Receiving reviews for our books is thrilling. As many of you know, writing a book is a labor of love that can be grueling. When someone takes the time not only to read our books, but also to review them, we see the value of our writing and reap its benefits.
Over the past few months, two of my books received 5-star reviews. I’d like to share them with you and spotlight the kind folks who wrote them.
A brilliant theory that Frisco brings to this story – good vs. bad (rogue) vampires and a story that takes us through fast-paced action with the protagonist, the impetuous Phoebe who finds herself abducted by a vampire in the beginning of this curious tale.
Although the story revolves around the theme of vampires, the story is a twist on the vampire theory, bringing unpredictable action with the characters who find themselves entangled in this alternative world of secret vampires.
Throughout the story we’ll find ourselves wondering why Phoebe’s father kept their vampire history secret, and why did her mother mysteriously disappear out of her life when Phoebe was a young child. But the events that follow the story keep us engaged and waiting to find out about – The Origin of the Vampyrie and how all the characters involved came to be part of the Vampyrie circle. Through this journey Phoebe discovers who she really is as we watch her grow through the learning process.
This book is far from the average vampire story containing blood and gore, but a delight to read with Frisco’s quick witted writing and her uncanny knack to be able to insert love and compassion even in a story about vampire lore. A recommended read.
Debby Gies aka D.G. Kaye just released her latest memoir, Twenty Years: After “I Do.” I recently featured Debby’s book launch on my blog. You can read it HERE.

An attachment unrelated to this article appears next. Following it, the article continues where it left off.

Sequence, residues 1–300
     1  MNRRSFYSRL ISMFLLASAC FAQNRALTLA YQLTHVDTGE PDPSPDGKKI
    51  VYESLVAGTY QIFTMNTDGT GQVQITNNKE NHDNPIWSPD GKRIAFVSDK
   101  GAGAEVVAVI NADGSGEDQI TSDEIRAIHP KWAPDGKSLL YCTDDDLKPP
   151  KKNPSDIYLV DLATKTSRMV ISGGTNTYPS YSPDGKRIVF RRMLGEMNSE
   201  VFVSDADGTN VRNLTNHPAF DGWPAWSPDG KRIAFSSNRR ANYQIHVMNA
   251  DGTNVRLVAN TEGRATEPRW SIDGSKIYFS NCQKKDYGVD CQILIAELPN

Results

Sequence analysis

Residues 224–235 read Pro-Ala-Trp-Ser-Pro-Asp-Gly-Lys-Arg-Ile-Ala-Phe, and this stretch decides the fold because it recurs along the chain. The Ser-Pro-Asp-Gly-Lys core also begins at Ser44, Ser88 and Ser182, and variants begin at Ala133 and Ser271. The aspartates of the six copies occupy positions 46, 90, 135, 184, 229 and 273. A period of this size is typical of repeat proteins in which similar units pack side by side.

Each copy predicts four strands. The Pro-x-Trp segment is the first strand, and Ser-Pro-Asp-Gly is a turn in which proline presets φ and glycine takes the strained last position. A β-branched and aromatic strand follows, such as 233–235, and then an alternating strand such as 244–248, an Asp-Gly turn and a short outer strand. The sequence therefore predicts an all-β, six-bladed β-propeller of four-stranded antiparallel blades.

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Colleen Chesebro and Madelyn Griffith-Hayne wrote fabulous reviews for Plateau that I featured in October. You can read them HERE.
The most recent review for Plateau is by Diana Peach. Diana is an outstanding writer, and I’m so appreciative of this lovely holiday gift.
This is an unusual and gentle book geared toward readers looking for a story that illuminates ancient and universal wisdom about love, kindness, generosity, peace, courage, life, and death. The story follows W’Hyani, a young woman who resides with her tribe on a plateau beyond the trees, separated from modern society. The youth of the tribe learn from their elders, and their lessons are derived from life close to the Earth.
Each chapter starts with a reading from Lynn V. Andrews Power Deck, a 45-card deck offering affirmations and meditations geared toward reclaiming one’s personal power. The reading sets the tone as well as indicates the lesson the character learns in the chapter’s action. In this way, each chapter is a parable in addition to part of the larger story.
Frisco provides lovely detail into the characters themselves, as well as their way of life, the nature of their relationships, their challenges, and the tribe’s rituals. The content by nature is spiritual and uplifting without being heavy-handed or religious, and the lessons along the way feel completely natural in the context, while relatable to everyday modern life.
The story is told in an omniscient point of view, pacing is steady, and the characters are well-drawn. This isn’t a long book and can easily be read in one sitting, but I savored it over a week. Either way, an enjoyable journey.